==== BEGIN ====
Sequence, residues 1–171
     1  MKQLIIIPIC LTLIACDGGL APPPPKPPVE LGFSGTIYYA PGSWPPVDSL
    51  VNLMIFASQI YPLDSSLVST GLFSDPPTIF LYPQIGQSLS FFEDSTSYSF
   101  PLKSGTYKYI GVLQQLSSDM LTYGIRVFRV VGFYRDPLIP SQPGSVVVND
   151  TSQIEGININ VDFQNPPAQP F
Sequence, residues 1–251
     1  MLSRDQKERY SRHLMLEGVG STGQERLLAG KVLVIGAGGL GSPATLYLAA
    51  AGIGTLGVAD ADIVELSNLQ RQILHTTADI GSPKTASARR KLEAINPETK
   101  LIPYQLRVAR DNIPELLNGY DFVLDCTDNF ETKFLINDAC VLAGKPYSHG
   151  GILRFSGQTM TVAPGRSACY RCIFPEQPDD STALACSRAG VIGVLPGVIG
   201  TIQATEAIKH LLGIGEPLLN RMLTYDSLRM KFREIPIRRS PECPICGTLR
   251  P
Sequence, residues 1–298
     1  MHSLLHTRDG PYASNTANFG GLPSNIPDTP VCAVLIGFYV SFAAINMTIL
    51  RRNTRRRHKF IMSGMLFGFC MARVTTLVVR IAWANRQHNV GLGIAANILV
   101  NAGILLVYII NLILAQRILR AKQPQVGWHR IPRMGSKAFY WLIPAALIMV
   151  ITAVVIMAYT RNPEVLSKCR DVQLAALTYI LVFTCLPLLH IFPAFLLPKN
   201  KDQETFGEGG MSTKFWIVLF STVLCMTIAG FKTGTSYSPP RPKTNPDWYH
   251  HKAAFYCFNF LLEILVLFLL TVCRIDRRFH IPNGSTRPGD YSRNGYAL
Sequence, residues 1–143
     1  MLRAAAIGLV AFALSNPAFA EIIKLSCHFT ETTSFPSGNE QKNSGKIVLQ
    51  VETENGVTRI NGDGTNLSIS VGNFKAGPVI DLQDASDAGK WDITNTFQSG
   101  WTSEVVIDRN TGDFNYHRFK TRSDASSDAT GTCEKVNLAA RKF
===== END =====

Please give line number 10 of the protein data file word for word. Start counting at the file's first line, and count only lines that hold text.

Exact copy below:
   151  GILRFSGQTM TVAPGRSACY RCIFPEQPDD STALACSRAG VIGVLPGVIG